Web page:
He also scammed his clients out of millions of dollars. Belfort engaged in a pump-and-dump scam. He and his associates would claim a specific stock's value would rise, usually with a guarantee of a favorable return.
In 1990, the SEC started to investigate Belfort's firm, but did not bring up any charges until 1992. They alleged the firm had "defrauded investors and manipulated stock prices," causing their investors to lose more than $200 million. Belfort received a lifetime ban from working in the securities industry. In 1999, the court sentenced Belfort to four years in prison after he pleaded guilty to securities fraud and money laundering. He had to pay back $110 million; as of 2018, Belfort still owed $97 million.
While in prison, Belfort's cellmate was comedian Tommy Chong. Thoroughly entertained by Belfort's stories, Chong encouraged him to write a book, which director Martin Scorsese later adapted into a film. Leonardo DiCaprio portrayed Belfort in the 2013 film The Wolf of Wall Street.
Rod Blagojevich was the governor of Illinois between 2003 and 2009. He rose through the ranks to become the Cook County assistant state attorney and later served in the House of Representatives. While his career appeared impressive, his behavior proved otherwise. He cut deals for his friends and prevented government funds from being used until he could get a kickback.
A company wanting to have business dealings with Illinois allegedly had to pay between $50,000 and $100,000 for the opportunity. In 2008, Barack Obama became president-elect, leaving his Senate seat in Illinois. Blagojevich reportedly was attempting to essentially "sell" the seat to Jesse Jackson Jr. for $1 million in the form of a campaign contribution. FBI wiretapped Blagojevich's phones - due to a tip about his selling the Senate seat - and caught him.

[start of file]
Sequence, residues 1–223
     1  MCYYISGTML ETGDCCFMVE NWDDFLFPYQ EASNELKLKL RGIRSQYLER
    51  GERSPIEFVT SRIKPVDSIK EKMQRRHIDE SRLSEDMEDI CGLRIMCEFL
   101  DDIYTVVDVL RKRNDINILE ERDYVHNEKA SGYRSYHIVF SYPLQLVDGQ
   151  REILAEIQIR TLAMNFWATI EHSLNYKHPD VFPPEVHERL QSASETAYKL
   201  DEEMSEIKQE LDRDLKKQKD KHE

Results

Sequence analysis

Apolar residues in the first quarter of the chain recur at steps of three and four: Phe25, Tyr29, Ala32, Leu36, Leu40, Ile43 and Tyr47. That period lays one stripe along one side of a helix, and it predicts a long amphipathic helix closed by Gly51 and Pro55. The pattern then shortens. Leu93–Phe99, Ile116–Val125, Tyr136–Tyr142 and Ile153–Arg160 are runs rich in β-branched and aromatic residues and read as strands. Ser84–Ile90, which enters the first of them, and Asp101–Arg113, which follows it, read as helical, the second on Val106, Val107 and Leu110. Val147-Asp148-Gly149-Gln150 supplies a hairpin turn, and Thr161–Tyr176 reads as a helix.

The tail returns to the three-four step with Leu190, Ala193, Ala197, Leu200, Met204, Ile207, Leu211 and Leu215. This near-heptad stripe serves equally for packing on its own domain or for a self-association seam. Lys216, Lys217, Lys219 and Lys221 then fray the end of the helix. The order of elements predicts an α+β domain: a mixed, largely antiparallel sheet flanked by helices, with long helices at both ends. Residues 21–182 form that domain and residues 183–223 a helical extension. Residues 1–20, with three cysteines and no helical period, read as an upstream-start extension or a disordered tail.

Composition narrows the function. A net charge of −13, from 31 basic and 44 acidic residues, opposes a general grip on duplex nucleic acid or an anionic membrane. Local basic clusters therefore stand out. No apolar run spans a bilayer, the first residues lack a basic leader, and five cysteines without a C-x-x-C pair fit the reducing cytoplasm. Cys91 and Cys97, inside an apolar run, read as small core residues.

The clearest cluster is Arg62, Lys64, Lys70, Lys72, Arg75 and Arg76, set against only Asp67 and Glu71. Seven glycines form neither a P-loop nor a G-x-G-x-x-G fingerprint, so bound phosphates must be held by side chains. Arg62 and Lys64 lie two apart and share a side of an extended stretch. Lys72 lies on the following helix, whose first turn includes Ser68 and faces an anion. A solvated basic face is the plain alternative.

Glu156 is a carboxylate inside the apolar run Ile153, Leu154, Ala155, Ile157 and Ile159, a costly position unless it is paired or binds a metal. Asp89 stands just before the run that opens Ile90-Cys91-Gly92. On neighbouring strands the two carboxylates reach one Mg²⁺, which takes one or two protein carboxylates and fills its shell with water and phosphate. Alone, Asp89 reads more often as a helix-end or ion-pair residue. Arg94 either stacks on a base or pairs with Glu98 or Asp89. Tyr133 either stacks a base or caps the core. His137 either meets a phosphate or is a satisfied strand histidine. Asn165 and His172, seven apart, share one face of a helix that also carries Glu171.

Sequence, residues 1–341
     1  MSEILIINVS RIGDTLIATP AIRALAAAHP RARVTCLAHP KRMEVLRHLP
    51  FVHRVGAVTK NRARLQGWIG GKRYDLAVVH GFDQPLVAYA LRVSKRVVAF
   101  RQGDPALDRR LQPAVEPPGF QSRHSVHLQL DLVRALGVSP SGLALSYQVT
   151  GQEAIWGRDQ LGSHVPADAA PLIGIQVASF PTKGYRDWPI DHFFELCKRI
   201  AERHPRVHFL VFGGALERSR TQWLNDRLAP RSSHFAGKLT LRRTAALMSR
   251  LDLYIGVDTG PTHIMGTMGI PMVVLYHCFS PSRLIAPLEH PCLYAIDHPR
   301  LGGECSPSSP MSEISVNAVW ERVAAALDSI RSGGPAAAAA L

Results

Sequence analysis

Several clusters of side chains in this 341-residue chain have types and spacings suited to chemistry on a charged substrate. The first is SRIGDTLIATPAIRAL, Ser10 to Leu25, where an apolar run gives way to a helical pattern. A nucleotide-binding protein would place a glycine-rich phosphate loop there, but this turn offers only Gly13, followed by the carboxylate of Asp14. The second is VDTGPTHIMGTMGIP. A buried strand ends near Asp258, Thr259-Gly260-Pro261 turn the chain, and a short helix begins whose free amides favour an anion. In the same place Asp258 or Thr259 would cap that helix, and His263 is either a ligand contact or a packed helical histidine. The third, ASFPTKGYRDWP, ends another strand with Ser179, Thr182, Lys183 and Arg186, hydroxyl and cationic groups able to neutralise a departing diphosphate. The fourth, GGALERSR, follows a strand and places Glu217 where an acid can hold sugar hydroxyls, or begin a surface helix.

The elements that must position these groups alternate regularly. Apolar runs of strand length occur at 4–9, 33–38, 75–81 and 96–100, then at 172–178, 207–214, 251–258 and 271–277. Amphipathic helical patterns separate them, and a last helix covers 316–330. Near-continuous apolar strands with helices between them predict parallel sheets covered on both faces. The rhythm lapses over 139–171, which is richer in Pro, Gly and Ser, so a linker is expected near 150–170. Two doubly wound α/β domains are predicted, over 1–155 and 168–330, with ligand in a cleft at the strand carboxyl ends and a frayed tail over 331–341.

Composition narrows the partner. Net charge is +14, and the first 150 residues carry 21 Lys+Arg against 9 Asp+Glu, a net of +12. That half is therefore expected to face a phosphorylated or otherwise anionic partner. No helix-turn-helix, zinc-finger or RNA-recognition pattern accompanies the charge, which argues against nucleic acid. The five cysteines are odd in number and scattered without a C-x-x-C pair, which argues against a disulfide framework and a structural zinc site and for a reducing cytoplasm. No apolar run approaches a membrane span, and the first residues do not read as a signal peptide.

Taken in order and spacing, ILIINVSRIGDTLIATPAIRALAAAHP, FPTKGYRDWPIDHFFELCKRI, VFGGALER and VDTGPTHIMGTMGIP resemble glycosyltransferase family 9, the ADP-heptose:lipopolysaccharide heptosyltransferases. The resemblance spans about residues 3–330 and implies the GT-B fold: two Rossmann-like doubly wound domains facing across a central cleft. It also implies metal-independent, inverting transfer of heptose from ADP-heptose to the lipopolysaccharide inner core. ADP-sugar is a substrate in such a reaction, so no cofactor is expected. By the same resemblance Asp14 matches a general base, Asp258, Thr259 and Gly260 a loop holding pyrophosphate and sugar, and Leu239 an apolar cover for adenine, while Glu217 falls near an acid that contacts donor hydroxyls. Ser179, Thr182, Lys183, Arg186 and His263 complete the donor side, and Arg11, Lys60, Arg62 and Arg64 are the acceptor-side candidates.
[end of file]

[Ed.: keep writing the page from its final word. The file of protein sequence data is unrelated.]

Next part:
Arrested in December 2009, Blagojevich later faced impeachment and had to resign from being governor. The first trial resulted in a hung jury. Prosecutors were undaunted and secured a second trial. The judge found Blagojevich guilty on 17 of the 20 charges for corruption. Ten of the counts dealt with wire fraud, and the rest were a mix of extortion and bribery.
A juror later revealed, "We felt it was very clear he was trying to make a trade for the Senate seat." Blagojevich received a sentence of 14 years behind bars. In May 2018, President Donald Trump announced he might pardon or commute Blagojevich's sentence.